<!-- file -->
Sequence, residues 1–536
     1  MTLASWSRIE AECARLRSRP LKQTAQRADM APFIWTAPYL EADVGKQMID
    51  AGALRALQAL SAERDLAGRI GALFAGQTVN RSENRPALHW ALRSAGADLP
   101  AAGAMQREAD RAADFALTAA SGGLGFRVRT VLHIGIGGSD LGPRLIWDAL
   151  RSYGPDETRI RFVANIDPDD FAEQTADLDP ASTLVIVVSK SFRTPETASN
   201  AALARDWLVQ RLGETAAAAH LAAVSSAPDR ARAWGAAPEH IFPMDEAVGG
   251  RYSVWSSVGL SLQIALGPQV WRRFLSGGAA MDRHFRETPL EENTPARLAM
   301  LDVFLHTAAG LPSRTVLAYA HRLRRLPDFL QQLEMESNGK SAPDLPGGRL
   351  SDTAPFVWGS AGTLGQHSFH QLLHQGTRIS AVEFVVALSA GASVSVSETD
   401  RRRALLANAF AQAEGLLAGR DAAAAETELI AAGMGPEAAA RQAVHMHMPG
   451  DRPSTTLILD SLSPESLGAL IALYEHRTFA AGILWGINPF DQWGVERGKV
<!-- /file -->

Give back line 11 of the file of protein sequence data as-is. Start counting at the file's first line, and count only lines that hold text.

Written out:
   451  DRPSTTLILD SLSPESLGAL IALYEHRTFA AGILWGINPF DQWGVERGKV